Training in Heat: Basic Guidelines

Training in Heat: Basic Guidelines

It’s important to bear in mind certain basic considerations in terms of thermoregulation when training in heat.

Many athletes, particularly resistance athletes, don’t know how our body works and how it regulates body temperature.

By answering these questions, not only will you potentially dangerous health scenarios, but you’ll have optimal performance abilities in hot climate conditions and/or with a high humidity level.

Runners training heat

Before giving you the basic considerations to take into account when practicing sport in hot conditions, let’s look at how our body works from the point of view of thermoregulation.

Basic Physiological Concepts

The human body is nearly completely water.

It’s present in our body to very high percentages: 75% in the muscles, 83% in the blood, 75% of the brain, etc…

The water remains in its designated place to maintain a perfect balance in normal conditions, but if that water balance ruptured, a series of processes are triggered that put the health of the individual at risk, even reaching fatal circumstances.

The natural temperature of the body is approximately 37º.

In this sense, the internal organs are more active than the peripheral ones (metabolically speaking), reaching higher temperatures; however, the superficial tissues suffer greater temperature variation.

Factors affecting body surface temperature variation.

  • Intense exercise
  • Metabolic changes.
  • Environmental temperature/humidity.
  • Air currents.
  • Sweat.
  • Changes in subcutaneous flow.
  • Heat from radiation.
When exercising, there’s an increase in body temperature (producing up to 500kcal/hour, vs. 75kcal/hour at rest).


Hence that heat production has to be eliminated in order to maintain the body’s base temperature.

How does the Human Body eliminate Excess Heat?

The body uses up energy when eliminating excess heat, and will be affected by the above factors.

That is, in cases where this heat cannot be eliminated, or where climatic conditions make this process difficult, different patterns must be taken into account whose ultimate goal is to maintain that body temperature while maintaining the water balance.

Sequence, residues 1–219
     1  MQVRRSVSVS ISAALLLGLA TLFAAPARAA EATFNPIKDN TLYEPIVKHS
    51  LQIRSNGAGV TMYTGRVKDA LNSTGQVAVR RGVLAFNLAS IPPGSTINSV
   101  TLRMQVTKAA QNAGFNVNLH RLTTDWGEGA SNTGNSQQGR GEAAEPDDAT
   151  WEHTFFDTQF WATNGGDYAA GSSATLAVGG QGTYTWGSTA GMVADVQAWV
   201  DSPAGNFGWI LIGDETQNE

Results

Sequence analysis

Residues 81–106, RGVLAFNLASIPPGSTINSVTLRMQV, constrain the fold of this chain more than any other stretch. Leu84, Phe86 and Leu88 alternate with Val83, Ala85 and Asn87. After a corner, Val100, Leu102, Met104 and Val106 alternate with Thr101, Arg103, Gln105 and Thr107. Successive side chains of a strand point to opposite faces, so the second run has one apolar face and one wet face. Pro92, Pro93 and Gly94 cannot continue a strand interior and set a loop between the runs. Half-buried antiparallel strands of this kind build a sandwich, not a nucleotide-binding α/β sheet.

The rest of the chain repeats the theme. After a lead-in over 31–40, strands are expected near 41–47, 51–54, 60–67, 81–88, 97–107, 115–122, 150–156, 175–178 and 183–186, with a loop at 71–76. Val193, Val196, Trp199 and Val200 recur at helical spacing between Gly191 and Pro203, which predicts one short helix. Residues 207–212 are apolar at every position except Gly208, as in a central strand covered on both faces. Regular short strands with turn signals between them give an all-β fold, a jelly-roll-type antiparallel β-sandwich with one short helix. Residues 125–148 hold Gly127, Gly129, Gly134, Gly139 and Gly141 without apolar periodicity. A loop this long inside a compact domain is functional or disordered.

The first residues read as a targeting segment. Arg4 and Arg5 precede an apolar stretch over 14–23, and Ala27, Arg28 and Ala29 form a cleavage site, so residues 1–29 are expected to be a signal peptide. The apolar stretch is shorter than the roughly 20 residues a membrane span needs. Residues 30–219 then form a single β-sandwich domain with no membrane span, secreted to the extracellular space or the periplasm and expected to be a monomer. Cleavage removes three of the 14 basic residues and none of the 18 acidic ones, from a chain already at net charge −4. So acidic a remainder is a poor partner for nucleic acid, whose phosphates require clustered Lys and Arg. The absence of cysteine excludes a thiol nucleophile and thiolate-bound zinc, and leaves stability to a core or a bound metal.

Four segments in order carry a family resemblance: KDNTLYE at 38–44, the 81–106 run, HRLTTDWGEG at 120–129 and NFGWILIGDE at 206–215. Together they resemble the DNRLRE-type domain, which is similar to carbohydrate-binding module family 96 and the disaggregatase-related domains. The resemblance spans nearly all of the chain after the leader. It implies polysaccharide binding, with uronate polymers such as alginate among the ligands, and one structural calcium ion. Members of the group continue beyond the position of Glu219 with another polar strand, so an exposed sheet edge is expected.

Otherwise, there is a substantial decrease in sports performance.

The body normally rids itself of excess heat by sweating, which eliminates electrolytes (sodium, potassium, chlorine, calcium).

When training in heat, we should be conscious that one of the consequences of this loss of minerals is dehydration. If you want to find out more about this, have a look at this article.

Those electrolytes, distributed in the extra and intra-cellular fluid, maintain an optimal state, that hydric balance necessary for the correct functioning of the body.

Heat Regulation Mechanisms

It’s important to know how our body reacts when training in heat:


This is in charge of regulating heat in our body.

It acts as a “Thermal Sensor”, which not only receives but measures the temperature information in every part of the body. It integrates this information and activates the necessary mechanisms to control it.


One of the heat control mechanisms is to eliminate heat through sweat.

It’s useful for athletes to have basic notions of how to measure sweat loss in given environmental conditions and before an exercise: weight loss during sport, and fluid intake during sport.


Sweat is a mechanism for regulating body heat


We also have other mechanisms:

  • Radiation;
  • Conduction (to be taken into account when practising sports in water (swimming), or in contact with air, such as cycling);
  • And also Convection, Evaporation.

How much Water does our Body contain?

At Rest

As an indication, in a state of rest we have a total of 2.5 litres of water, and it can be determined that:

  • 250ml is used for Metabolism.
  • 750ml is ingested in food.
  • 1500ml is ingested in drink.
In the resting state, water loss occurs mostly through urine (up to 1500 ml), through breathing (700 ml), and finally through sweat and faeces.

During Exercise

As mentioned above, most of the energy expenditure produced during exercise is used to maintain body temperature (metabolic heat, 75%- 80%), and the rest is used for muscle work.

Because of this, you should bear in mind that metabolic expenditure takes on special relevance during sports practice, since our organism tries to constantly maintain its base temperature.

There are also other factors to be taken into account when maintaining that base temperature, such as environmental conditions: heat, cold, degree of humidity…

They directly affect how the body will produce heat to maintain that body temperature, and therefore for sports practice should be considered and studied for the hydration plan.

You sweat more in a hot and humid environment than in a cold one, and the water and electrolyte losses are different; and therefore the supplementation and hydration strategy is different.

What can be done to reduce this Metabolic Heat?

One way is through sweating.